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What to Expect from a Reproductive Health Dietitian

Building realistic expectations from the first meet and greet!

By Emily the Period RDPublished 2 months ago 4 min read
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What to Expect from a Reproductive Health Dietitian
Photo by Anna Pelzer on Unsplash

Working with a dietitian who has experience in reproductive health care can be an incredible way to prioritize your well-being and unlearn diet culture messages about food and the body. However, if you’re not sure what to expect from their care and you forgot to ask in a discovery call (or forgot to book one!), this is a quick guide to some common expectations you can have going in!

As a debrief, Registered Dietitians (RDs) are regulated health care providers, just like doctors, nurses, physiotherapists and pharmacists. There are specific educational and practical requirements to become a dietitian, and legal guidelines to follow that aim to keep the public safe. RDs have to renew their license every year, and may be audited by their regulatory body.

RDs are trained in medical nutrition therapy - this is the application of nutrition recommendations to specific conditions and symptoms, over and above general guidelines you might find on a public health or government website. RDs don’t practice medicine, but they collaborate with doctors to support whole-person care.

Because of their scope, a reproductive health RD will not be able to conduct pelvic exams or imaging, but they may help advocate for you with your family doctor or health care team. This might look like calling your doctor or writing notes and letters to share their assessment notes and seek additional opinions.

RDs may or may not be able to order bloodwork testing as this can depend on their location and if they have a directive in place. As an example, some Family Health Teams may allow RDs to request blood sugar panels, and some Intensive Care Units allow RDs to request indirect calorimetry to determine energy expenditure. Most RDs can help you make a list of potential testing to talk to your doctor about, and look at the results from testing. As an FYI, RDs cannot make a diagnosis of anything off of your bloodwork results (even if they know the diagnostic criteria for things like diabetes or kidney disease).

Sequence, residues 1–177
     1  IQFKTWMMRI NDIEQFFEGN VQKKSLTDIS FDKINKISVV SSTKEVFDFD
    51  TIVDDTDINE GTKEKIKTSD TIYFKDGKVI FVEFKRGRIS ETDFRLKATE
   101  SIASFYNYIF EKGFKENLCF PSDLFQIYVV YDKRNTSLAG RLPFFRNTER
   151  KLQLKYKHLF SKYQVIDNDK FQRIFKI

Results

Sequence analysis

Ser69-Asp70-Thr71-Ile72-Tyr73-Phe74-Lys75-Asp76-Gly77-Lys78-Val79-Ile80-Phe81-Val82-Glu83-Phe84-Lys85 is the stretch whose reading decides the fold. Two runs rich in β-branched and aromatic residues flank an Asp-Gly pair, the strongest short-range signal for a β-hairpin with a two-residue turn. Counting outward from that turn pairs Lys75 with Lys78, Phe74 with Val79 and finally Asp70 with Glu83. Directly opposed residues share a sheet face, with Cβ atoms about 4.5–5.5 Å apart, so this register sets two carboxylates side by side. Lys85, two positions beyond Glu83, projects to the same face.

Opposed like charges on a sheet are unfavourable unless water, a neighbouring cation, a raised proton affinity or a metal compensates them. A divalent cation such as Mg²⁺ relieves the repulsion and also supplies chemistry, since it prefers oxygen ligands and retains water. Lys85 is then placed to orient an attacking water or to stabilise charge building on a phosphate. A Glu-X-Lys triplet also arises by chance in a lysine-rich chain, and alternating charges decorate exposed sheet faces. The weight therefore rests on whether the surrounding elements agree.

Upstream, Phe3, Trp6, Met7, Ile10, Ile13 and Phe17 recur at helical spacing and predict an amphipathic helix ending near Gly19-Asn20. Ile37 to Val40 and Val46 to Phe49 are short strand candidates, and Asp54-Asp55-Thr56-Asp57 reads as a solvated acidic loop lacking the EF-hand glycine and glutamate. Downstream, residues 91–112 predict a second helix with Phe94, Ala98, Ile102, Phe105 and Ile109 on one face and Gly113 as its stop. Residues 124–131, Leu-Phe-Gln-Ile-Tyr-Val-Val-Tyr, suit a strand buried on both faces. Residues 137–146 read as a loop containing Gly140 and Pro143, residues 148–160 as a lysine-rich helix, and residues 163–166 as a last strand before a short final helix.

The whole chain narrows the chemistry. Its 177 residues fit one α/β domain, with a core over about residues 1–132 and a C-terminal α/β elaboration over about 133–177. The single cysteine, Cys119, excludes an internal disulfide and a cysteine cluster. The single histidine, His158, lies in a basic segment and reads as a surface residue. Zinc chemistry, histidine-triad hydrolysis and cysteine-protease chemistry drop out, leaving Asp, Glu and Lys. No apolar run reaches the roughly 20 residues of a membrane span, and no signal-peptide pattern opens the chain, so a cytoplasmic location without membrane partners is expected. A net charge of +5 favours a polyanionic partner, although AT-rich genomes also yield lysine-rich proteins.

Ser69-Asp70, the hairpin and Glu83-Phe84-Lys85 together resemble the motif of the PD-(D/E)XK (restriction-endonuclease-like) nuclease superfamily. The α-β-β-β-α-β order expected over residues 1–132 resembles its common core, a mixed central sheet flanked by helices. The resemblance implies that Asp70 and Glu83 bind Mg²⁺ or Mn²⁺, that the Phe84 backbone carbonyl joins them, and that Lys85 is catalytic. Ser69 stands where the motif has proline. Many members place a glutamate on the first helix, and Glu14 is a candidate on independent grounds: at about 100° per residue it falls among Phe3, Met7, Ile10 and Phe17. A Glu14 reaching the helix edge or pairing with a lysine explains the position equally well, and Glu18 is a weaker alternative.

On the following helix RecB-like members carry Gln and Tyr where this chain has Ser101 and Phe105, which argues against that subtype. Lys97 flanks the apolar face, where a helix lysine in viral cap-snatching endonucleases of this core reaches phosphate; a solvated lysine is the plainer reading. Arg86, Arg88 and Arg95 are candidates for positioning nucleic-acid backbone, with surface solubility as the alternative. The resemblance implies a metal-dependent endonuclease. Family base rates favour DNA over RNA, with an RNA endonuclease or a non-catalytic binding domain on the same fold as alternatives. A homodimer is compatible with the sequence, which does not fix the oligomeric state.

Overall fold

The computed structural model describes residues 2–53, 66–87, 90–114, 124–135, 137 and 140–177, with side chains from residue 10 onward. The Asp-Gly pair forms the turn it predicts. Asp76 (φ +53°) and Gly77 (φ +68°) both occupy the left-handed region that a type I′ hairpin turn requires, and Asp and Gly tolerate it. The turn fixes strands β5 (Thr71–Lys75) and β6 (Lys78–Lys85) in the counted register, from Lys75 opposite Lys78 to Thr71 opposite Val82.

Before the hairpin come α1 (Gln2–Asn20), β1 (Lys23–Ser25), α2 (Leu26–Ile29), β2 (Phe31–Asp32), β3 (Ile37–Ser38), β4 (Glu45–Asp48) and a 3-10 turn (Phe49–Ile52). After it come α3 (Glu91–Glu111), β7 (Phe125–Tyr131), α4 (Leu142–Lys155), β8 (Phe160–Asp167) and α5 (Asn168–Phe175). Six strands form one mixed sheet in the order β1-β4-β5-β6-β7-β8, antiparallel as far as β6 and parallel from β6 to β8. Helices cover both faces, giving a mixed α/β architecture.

RDs cannot write prescriptions for you, in most cases (in the past, I was certified to write prescriptions for nicotine replacement therapy but I no longer do this). They can provide you with support around taking medications if you find it hard to remember to take them, or if you have multiple medications and supplements that might interact with each other. And most RDs are required to have some baseline knowledge of how different classes of medications work, so they may be able to review what your doctor or pharmacist has told you if you’ve forgotten.

RDs may provide very specific food recommendations to address symptoms such as constipation or nutrient deficiencies, or they may use a counselling approach to talk about the way you think about food and make food choices. They can talk to you about supplements that may be helpful, and how to choose a safe supplement that has been third-party tested. You can ask them what approach they take to care so you know what kind of resources you will be given in sessions. You’re not ever required to follow these recommendations without your consent to participate, and you are allowed to decline services and request a second opinion - just like any health care situation.

RDs should be able to have conversations with you about a healthy relationship with food and your body without body or weight shame. Many RDs still practice from a weight-centric approach (focusing on weight and weight loss as a marker of health), and this contributes to medical weight stigma and systemic fatphobia. Talking about the social determinants of health and non-weight markers of health should be a component of your care.

Like any other health care provider, RDs should disclose any financial relationships, conflicts of interest or commissions they make in selling services or products. If they don’t, you are allowed to ask. While there isn’t anything inherently wrong with making commissions or having brand partnerships, these need to be appropriately disclosed and they should not impact the use of evidence to provide care.

This last one may vary by region - RDs shouldn’t use client testimonials to support their clinical work. In Ontario and Newfoundland (two provinces where I am currently licensed), guidelines states that RDs should refrain from the use of client testimonials as these may skew perceptions of their work and may inadvertently disclose private information of a patient or client (like their name or location). An RD may use testimonials or reviews for non-clinical work they do, such as presentations to workplaces or public handouts - these might help people make informed purchasing decisions and don’t necessarily influence their ability to access health care.

Having strong expectations going into a dietitian appointment is important to help you get the care you deserve and invest in your health the way that makes sense to you!

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About the Creator

Emily the Period RD

I help people with periods navigate menstrual health education & wellness with a healthy serving of sass (and not an ounce of nutrition pseudoscience).

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